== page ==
Publications Search - Abstract View
||Comprehensive analysis of 5-aminolevulinic acid dehydrogenase (ALAD) variants and renal cell carcinoma risk among individuals exposed to lead.
||van Bemmel DM, Boffetta P, Liao LM, Berndt SI, Menashe I, Yeager M, Chanock S, Karami S, Zaridze D, Matteev V, Janout V, Kollarova H, Bencko V, Navratilova M, Szeszenia-Dabrowska N, Mates D, Slamova A, Rothman N, Han SS, Rosenberg PS, Brennan P, Chow WH, Moore LE
||BB, CGR, LTG, OEEB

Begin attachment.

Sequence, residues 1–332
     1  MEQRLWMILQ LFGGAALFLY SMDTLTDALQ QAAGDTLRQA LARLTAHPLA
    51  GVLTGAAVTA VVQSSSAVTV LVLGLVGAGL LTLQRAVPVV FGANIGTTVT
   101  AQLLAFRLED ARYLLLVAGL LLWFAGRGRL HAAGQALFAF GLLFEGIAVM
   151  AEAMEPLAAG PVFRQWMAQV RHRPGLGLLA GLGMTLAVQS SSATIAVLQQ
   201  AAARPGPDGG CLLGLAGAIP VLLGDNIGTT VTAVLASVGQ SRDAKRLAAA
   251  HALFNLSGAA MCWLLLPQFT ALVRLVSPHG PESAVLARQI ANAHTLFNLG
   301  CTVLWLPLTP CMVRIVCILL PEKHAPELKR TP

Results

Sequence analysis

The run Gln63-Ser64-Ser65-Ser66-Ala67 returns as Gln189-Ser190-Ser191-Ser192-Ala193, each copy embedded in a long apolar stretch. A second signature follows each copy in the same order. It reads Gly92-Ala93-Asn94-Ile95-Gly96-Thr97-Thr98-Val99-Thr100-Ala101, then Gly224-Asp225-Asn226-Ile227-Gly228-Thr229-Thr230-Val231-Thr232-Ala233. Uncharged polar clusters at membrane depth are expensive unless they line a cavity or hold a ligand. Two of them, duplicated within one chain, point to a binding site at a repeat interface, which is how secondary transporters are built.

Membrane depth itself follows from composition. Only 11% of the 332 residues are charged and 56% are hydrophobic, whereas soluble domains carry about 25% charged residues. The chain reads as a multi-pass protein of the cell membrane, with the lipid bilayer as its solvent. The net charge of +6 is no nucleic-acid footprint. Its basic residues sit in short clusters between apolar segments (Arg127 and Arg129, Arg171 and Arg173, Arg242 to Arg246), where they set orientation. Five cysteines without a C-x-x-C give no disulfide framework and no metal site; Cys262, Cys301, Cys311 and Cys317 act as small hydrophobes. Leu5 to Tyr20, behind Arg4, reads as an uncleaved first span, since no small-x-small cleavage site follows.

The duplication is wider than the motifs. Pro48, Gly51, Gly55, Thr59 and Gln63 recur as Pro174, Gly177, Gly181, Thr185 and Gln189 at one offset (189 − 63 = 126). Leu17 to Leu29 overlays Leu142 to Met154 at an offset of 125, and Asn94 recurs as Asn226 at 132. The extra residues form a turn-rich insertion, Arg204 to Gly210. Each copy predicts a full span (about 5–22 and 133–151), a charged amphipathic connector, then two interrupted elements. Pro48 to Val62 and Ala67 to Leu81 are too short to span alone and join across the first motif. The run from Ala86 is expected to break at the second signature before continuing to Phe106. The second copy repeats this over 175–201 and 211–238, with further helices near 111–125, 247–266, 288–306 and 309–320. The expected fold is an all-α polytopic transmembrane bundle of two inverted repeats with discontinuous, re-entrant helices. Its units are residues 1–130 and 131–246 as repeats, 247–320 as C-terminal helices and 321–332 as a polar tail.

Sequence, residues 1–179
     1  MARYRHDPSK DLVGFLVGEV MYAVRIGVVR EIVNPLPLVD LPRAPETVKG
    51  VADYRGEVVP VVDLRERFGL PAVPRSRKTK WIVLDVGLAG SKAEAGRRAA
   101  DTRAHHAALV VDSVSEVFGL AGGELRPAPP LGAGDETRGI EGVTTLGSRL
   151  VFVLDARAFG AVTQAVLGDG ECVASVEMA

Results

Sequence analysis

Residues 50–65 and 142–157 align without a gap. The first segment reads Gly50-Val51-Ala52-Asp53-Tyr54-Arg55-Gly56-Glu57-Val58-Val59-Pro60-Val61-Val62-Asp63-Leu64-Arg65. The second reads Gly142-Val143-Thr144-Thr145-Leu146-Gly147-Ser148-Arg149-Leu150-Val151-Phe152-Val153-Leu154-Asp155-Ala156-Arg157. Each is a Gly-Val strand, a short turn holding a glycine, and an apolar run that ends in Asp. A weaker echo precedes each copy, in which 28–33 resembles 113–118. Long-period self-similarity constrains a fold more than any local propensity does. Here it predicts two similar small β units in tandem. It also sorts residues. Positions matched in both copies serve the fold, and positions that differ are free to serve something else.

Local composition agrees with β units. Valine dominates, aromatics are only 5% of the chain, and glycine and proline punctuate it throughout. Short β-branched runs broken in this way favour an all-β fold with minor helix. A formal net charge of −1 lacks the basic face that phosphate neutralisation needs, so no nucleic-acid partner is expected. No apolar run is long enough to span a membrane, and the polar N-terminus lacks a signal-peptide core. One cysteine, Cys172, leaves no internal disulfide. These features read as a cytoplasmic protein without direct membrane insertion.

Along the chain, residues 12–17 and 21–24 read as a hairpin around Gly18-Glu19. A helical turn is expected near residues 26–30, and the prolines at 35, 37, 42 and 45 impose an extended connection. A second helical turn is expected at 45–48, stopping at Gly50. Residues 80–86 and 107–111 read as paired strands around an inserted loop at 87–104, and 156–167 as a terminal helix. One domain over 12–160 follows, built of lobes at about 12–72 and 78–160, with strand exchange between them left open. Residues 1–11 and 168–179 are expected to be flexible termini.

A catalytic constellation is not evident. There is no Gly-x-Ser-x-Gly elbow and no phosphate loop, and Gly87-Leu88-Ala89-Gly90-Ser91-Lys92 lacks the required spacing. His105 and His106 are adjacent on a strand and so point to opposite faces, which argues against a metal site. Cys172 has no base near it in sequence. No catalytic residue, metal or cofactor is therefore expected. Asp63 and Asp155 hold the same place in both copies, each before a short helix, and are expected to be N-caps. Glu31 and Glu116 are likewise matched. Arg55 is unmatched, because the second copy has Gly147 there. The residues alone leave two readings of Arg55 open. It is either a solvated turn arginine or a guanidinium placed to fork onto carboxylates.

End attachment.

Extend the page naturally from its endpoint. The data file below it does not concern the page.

||BACKGROUND: Epidemiologic studies are reporting associations between lead exposure and human cancers. A polymorphism in the 5-aminolevulinic acid dehydratase (ALAD) gene affects lead toxicokinetics and may modify the adverse effects of lead. METHODS: The objective of this study was to evaluate single-nucleotide polymorphisms (SNPs) tagging the ALAD region among renal cancer cases and controls to determine whether genetic variation alters the relationship between lead and renal cancer. Occupational exposure to lead and risk of cancer was examined in a case-control study of renal cell carcinoma (RCC). Comprehensive analysis of variation across the ALAD gene was assessed using a tagging SNP approach among 987 cases and 1298 controls. Occupational lead exposure was estimated using questionnaire-based exposure assessment and expert review. Odds ratios (OR) and 95% confidence intervals (CI) were calculated using logistic regression. RESULTS: The adjusted risk associated with the ALAD variant rs8177796(CT/TT) was increased (ORâ=â1.35, 95%CIâ=â1.05-1.73, p-valueâ=â0.02) when compared to the major allele, regardless of lead exposure. Joint effects of lead and ALAD rs2761016 suggest an increased RCC risk for the homozygous wild-type and heterozygous alleles ((GG)ORâ=â2.68, 95%CIâ=â1.17-6.12, pâ=â0.01; (GA)ORâ=â1.79, 95%CIâ=â1.06-3.04 with an interaction approaching significance (p(int)â=â0.06). No significant modification in RCC risk was observed for the functional variant rs1800435(K68N). Haplotype analysis identified a region associated with risk supporting tagging SNP results. CONCLUSION: A common genetic variation in ALAD may alter the risk of RCC overall, and among individuals occupationally exposed to lead. Further work in larger exposed populations is warranted to determine if ALAD modifies RCC risk associated with lead exposure.